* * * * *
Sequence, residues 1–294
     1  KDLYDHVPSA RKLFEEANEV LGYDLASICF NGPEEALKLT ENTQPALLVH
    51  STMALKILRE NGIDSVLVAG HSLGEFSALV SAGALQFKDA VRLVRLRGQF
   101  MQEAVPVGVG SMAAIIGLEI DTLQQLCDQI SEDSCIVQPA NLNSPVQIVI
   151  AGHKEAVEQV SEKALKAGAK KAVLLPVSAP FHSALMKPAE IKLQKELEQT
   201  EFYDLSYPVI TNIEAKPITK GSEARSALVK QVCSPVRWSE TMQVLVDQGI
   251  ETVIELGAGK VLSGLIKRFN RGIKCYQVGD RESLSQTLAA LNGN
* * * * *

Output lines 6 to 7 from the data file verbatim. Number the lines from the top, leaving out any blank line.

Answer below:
   201  EFYDLSYPVI TNIEAKPITK GSEARSALVK QVCSPVRWSE TMQVLVDQGI
   251  ETVIELGAGK VLSGLIKRFN RGIKCYQVGD RESLSQTLAA LNGN